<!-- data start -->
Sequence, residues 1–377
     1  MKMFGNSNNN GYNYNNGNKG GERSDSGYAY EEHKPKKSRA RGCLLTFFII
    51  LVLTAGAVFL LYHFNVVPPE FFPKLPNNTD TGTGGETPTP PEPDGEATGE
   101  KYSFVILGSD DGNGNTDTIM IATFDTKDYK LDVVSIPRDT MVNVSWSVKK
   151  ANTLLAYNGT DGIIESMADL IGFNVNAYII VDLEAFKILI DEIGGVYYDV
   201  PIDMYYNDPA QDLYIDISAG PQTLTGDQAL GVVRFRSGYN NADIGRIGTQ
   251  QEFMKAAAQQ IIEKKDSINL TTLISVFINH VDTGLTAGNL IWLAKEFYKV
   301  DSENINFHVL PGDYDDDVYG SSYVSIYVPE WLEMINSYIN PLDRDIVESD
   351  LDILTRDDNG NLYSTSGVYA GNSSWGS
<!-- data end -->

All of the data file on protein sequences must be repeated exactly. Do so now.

Sequence, residues 1–377
     1  MKMFGNSNNN GYNYNNGNKG GERSDSGYAY EEHKPKKSRA RGCLLTFFII
    51  LVLTAGAVFL LYHFNVVPPE FFPKLPNNTD TGTGGETPTP PEPDGEATGE
   101  KYSFVILGSD DGNGNTDTIM IATFDTKDYK LDVVSIPRDT MVNVSWSVKK
   151  ANTLLAYNGT DGIIESMADL IGFNVNAYII VDLEAFKILI DEIGGVYYDV
   201  PIDMYYNDPA QDLYIDISAG PQTLTGDQAL GVVRFRSGYN NADIGRIGTQ
   251  QEFMKAAAQQ IIEKKDSINL TTLISVFINH VDTGLTAGNL IWLAKEFYKV
   301  DSENINFHVL PGDYDDDVYG SSYVSIYVPE WLEMINSYIN PLDRDIVESD
   351  LDILTRDDNG NLYSTSGVYA GNSSWGS